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I'm just making the transition from propositional logic to predicate logic and I was wondering how we would use truth tables to test the validity of an argument expressed in predicate logic.

Example

Say, our universe of discourse comprises two smurfs named Clumsy and Hefty. I have the following argument:

Clumsy is a smurf.
All smurfs are blue.
Therefore, Clumsy is blue.

I translated this into predicate logic as follows:

$S(x)$ - "x is a smurf"
$B(x)$ - "x is blue"

Premises:
P1. $S(c)$
P2. $\forall x B(x)$
Conclusion:
$∴ B(c)$

Assuming that I have expressed the argument correctly, let

  • $S(c)$ - "Clumsy is a smurf"
  • $S(h)$ - "Hefty is a smurf"
  • $B(c)$ - "Clumsy is blue"
  • $B(h)$ - "Hefty is blue"

Then I can make a truth table as follows (the table can be viewed/edited here):

enter image description here

Questions:

  • Have I expressed the argument correctly?
  • Is my truth table correct?

I wasn't quite sure how to check the premise "all smurfs are blue" in the truth table. I basically just broke the predicate $\forall x B(x)$ down into two statements (one for each smurf in the universe): $S(c) ⇒ B(c)$ and $S(h) ⇒ B(h)$. Then to assess validity, I checked that the conclusion was true for all lines where $S(h)$, $S(c) ⇒ B(c)$ and $S(h) ⇒ B(h)$ are all true. Since the conclusion is always true when all the premises are true (see highlighted rows), I concluded that the argument must be valid.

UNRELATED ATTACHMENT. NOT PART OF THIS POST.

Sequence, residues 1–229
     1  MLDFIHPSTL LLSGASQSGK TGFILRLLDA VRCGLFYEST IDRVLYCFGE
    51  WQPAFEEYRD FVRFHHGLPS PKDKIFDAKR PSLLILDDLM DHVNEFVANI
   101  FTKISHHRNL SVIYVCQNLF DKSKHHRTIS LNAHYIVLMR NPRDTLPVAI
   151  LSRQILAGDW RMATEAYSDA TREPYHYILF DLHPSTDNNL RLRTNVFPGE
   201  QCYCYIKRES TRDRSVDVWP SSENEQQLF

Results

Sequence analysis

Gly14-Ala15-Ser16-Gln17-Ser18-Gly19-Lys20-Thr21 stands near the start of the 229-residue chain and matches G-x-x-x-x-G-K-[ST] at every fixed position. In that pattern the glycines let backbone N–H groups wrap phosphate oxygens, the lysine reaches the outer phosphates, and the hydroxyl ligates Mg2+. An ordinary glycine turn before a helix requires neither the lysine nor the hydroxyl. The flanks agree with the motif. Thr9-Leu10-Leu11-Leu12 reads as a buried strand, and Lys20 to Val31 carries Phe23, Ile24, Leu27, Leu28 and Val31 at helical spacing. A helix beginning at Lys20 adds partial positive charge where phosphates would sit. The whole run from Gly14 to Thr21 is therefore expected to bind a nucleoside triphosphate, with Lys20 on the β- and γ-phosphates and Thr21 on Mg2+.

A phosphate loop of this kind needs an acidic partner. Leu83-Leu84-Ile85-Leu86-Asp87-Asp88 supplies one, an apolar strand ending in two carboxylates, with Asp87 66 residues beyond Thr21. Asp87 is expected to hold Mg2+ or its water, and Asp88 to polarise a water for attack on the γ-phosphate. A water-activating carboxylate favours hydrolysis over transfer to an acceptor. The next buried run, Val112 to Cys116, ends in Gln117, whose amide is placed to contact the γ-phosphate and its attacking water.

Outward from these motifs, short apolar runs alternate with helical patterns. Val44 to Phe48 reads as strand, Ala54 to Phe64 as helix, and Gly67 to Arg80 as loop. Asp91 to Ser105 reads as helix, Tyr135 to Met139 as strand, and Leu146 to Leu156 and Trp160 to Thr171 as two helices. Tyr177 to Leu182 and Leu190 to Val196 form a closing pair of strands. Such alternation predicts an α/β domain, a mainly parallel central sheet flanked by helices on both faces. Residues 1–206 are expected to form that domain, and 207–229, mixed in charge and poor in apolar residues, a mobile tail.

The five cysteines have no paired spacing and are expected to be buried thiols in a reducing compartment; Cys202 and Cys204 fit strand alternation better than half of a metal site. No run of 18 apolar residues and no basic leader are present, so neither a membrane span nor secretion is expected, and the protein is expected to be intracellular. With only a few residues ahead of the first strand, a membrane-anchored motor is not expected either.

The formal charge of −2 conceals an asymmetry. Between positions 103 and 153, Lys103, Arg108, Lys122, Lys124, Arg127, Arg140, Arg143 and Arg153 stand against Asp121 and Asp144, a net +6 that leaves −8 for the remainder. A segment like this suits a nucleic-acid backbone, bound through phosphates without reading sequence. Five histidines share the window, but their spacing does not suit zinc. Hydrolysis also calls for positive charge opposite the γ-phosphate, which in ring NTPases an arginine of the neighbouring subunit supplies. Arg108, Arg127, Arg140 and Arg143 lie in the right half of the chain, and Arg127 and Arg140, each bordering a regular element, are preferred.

EDIT: On second thoughts, I think $\forall x B(x)$ should be $S(c) ⇒ B(c) \land S(h) ⇒ B(h)$, but the highlighted rows would remain unchanged, so it wouldn't affect the conclusion that the argument is valid.

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  • $\begingroup$ Caution: Just because a conclusion is a consequence of the premises doesn't mean an argument is valid, especially if the argument contains intermediate claims between them. $\endgroup$
    – aschepler
    Sep 16 at 23:45
  • $\begingroup$ Thanks @aschepler, by "intermediate claims", do you mean $S(c)⇒B(c)$ and $S(h)⇒B(h)$? I really wasn't sure about these, so I wouldn't be surprised if they are incorrect. I just figured that saying $∀xB(x)$ is tantamount to requiring $S(x)⇒B(x)$ for all objects in our domain. $\endgroup$